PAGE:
• Be aware of preprint server and journal policies.
  • Read your copyright agreements.
  • When posting preprints, follow standard ethical practices for research integrity and author attribution.

Our advice goes further, advising researchers to: post papers on SocArXiv or another preprint server, publish in journals that permit distribution of papers before and after publication (we provide DOI linking to facilitate discovery and metrics), use unrestricted licenses to maximize distribution of your work, and link your papers to publicly available research materials (here’s a basic tutorial).

Where SocArXiv is now

A good time to sum up our progress.

We just completed our first O3S conference, and we’re wrapping up our first year of support from the Sloan and Open Societies foundations. So it’s a good time to sum up our progress.

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O3S networking break / photo PNC

Open Scholarship for the Social Sciences

More even than we had hoped, the O3S conference turned into a great mechanism for fundraising, outreach, and generating innovating ideas. We had about 20 presenters (many of them junior scholars, whose travel we paid for), and almost 50 registrants. Participants came from as far as Chile, California, Michigan, Minnesota, Toronto, and from the Washington area. They included sociologists, librarians, economists and other scholars, software developers, publishers, and open access advocates. UMD campus leaders and the library were very supportive, and we are optimistic about their continued support for an annual conference. The panels were all high quality, the audience was engaged, the keynotes were riveting, and the workshop was highly productive. In addition to the panels and registrants, a great group of graduate students volunteered to support the conference. (We’ll have more on the workshop and new ideas later.)

SocArXiv service

We have almost 1600 papers on SocArXiv, and October has been our biggest month yet (135 papers). We are small compared with the big disciplinary paper services, but growing more each month, with a widening community of users. Our high visibility launch last fall led to a burst of activity, and now 15 other community preprint services have followed us on the OSF Preprints server. This includes some key players, such as LawArXiv (which we were instrumental in bringing to the OSF system), PsyArXiv (which has developed a relationship with the American Psychological Association), the LIS Scholarship Archive for library science (which is making important connections to libraries), and others. We wouldn’t want to take all the credit for this healthy proliferation, but we should take some. (As an aside, I also note with some pride that nearly all the subsequent communities on OSF Preprints include librarians on their Steering Committees.)

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We are about to start using the OSF’s expanded moderation system, allowing us and the other communities to have a customized paper moderation workflow. This has already turned into a great way for us to recruit volunteers, and generated lively discussion about moderation principles and related governance questions.

At the American Sociological Association meetings this summer, we launched the Sociology Open Award Recognition program, which encourages sections of the ASA to run use SocArXiv for paper award nominations. This led to discussion with more than 10 sections representing thousands of sociologists, several of which adopted variations on our program, with others still considering proposals.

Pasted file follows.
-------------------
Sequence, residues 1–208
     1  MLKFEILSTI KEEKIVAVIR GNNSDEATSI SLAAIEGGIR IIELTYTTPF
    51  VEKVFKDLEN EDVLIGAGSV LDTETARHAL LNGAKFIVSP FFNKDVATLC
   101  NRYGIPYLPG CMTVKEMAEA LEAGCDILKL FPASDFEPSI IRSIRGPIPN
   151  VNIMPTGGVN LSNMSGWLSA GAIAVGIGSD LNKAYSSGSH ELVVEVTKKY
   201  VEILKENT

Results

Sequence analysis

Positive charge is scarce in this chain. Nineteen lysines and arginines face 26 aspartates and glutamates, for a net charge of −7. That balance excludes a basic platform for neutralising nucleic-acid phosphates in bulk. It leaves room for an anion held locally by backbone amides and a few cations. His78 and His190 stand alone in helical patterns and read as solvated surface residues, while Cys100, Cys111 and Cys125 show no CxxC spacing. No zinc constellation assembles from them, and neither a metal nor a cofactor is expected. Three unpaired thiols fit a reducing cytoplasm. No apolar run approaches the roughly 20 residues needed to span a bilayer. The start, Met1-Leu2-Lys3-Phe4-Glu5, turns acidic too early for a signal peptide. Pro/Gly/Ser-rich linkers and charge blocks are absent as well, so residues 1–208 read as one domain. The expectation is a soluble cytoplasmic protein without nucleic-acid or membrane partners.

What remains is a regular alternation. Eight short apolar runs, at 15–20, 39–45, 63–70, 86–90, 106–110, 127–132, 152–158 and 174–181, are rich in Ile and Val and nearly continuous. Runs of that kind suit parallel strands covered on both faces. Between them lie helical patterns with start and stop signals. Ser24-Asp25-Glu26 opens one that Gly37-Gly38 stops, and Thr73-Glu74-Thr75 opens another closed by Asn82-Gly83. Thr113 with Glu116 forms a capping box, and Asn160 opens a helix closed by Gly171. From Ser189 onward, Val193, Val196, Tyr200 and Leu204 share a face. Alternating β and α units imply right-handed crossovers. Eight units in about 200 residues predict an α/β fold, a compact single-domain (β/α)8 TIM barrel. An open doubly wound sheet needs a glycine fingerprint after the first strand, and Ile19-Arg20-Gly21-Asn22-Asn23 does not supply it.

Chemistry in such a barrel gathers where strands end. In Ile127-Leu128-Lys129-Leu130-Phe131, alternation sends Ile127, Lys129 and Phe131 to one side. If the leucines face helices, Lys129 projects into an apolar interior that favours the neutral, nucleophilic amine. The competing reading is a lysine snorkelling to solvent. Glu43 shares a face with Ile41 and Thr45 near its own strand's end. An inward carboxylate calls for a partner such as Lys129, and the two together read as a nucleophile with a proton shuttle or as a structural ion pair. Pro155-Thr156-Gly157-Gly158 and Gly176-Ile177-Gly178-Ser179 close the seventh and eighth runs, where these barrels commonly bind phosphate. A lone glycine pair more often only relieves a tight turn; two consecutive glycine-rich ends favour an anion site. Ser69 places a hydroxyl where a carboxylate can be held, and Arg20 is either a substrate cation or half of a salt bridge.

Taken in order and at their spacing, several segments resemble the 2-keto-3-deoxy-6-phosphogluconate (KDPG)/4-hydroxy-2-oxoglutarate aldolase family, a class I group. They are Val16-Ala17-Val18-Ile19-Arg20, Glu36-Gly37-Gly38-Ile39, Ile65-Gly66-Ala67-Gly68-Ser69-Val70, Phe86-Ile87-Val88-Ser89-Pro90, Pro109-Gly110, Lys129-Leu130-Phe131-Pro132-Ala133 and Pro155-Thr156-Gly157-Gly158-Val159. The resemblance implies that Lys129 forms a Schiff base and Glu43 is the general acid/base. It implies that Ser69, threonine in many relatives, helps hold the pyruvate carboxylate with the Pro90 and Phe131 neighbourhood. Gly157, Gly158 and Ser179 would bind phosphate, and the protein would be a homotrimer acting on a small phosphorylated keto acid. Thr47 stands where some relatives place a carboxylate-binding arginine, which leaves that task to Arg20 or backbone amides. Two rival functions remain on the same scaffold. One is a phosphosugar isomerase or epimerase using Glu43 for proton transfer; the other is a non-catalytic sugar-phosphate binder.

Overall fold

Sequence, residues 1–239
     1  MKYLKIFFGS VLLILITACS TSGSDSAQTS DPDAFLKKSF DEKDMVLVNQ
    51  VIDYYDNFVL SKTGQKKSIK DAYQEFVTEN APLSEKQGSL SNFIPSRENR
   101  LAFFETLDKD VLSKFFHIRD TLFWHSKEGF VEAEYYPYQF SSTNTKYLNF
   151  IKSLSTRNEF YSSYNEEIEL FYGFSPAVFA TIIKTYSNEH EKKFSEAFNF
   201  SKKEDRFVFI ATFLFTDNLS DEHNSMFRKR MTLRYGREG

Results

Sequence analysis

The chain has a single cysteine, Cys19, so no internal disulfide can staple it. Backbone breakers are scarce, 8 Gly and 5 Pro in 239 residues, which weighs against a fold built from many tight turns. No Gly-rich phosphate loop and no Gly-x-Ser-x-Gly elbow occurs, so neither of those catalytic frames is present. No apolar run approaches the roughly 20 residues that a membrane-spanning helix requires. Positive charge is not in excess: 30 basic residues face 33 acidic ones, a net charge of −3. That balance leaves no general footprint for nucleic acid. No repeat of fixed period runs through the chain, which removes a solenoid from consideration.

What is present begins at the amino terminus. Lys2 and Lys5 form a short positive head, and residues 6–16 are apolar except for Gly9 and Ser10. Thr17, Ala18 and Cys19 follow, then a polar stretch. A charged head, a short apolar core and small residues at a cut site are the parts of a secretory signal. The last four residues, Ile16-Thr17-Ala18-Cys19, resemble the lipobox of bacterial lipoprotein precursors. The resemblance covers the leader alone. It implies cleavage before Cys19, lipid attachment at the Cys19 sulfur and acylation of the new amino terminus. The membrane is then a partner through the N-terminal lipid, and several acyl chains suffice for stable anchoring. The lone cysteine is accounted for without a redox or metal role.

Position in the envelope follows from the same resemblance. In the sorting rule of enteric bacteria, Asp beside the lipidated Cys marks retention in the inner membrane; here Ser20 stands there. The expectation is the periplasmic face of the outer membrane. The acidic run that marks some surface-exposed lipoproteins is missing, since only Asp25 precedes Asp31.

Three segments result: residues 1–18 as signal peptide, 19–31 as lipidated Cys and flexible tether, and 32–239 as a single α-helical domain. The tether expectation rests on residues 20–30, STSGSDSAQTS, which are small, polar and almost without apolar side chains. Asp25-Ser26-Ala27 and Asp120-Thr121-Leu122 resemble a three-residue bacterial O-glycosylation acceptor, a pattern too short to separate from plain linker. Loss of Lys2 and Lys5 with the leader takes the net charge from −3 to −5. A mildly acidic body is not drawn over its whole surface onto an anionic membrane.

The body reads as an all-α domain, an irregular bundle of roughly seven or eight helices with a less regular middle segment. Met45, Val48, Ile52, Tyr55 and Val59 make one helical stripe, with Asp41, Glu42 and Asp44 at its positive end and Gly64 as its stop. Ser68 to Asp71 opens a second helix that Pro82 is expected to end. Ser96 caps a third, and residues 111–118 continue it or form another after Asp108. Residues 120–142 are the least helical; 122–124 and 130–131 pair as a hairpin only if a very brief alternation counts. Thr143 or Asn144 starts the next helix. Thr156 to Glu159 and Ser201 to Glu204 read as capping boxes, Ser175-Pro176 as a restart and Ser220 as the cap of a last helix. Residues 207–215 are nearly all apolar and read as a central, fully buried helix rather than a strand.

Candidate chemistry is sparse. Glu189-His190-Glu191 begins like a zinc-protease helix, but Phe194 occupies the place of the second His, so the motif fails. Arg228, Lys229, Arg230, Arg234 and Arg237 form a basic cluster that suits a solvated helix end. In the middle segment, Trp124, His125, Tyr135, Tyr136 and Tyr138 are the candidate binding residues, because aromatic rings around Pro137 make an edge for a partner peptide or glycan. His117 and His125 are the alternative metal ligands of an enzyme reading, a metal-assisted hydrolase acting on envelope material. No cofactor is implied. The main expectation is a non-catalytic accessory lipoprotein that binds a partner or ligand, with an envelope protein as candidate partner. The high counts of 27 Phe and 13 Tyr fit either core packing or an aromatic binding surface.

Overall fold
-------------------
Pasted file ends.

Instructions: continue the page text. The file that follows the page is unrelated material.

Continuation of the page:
Fundraising

We were able to leverage our foundation grants to help motivate others to contribute to SocArXiv. This includes two gifts of $10,000 from libraries (MIT and UCLA), and about $25,000 from the Sociology Department, College of Behavioral and Social Sciences, and Libraries at the University of Maryland, for our conference (including in-kind contributions). We have also opened up a very promising dialogue with the Red OA group at ARL (which seeks upstream initiatives to strengthen open publishing), which may lead to additional support from libraries, and there are some other leads.

Peer review

Partly motivated by the Red OA initiative, our next project addresses the question of peer review. The Center for Open Science is working to integrate peer review capacity on the OSF Preprints platform (through partnerships and/or their own technology). While that proceeds, we want to figure out what our research community wants and needs most from an open peer review platform. Should we run our own “journals,” work with existing journals, create an open platform for overlay journals, or some other alternative? We have initiated conversations about convening researchers to address these questions, to include also research into peer review processes, which might entail surveys, focus groups, or experimental research. In this effort we are fortunate to have the leadership of Elizabeth Popp Berman, a sociologist on our steering committee who specializes in the sociology of knowledge, and science and technology studies. (Here is a recent essay I wrote on open peer review.)

Needs for the coming year

The peer review project will need funding in the coming year, for convening meetings and conducting research. Our other fundraising goals center on personnel and outreach. We’d like support for our research efforts, my time, and graduate assistants to handle paper moderation and research for the peer review project. And then we will need money for outreach (travel, marketing, materials), and the next O3S conference (especially travel for junior scholars). We are also in discussions with the Center for Open Science on a sustainability model for all the preprint services they host; while their service to us is free, we would like to develop a long-term plan by which the communities work together to secure the future of the system. This is an ongoing conversation.

 

SocArXiv presentations: slides, audio, video

Hear the audio, see the video, flip through the slides — or arrange a presentation at your institution!

Below are the materials from two recent SocArXiv presentations: slides, audio, video. If you would like Philip Cohen or someone else to visit your institution for a presentation or workshop, let us know, and consider joining the great libraries that have already become institutional supporters of the project: details are here.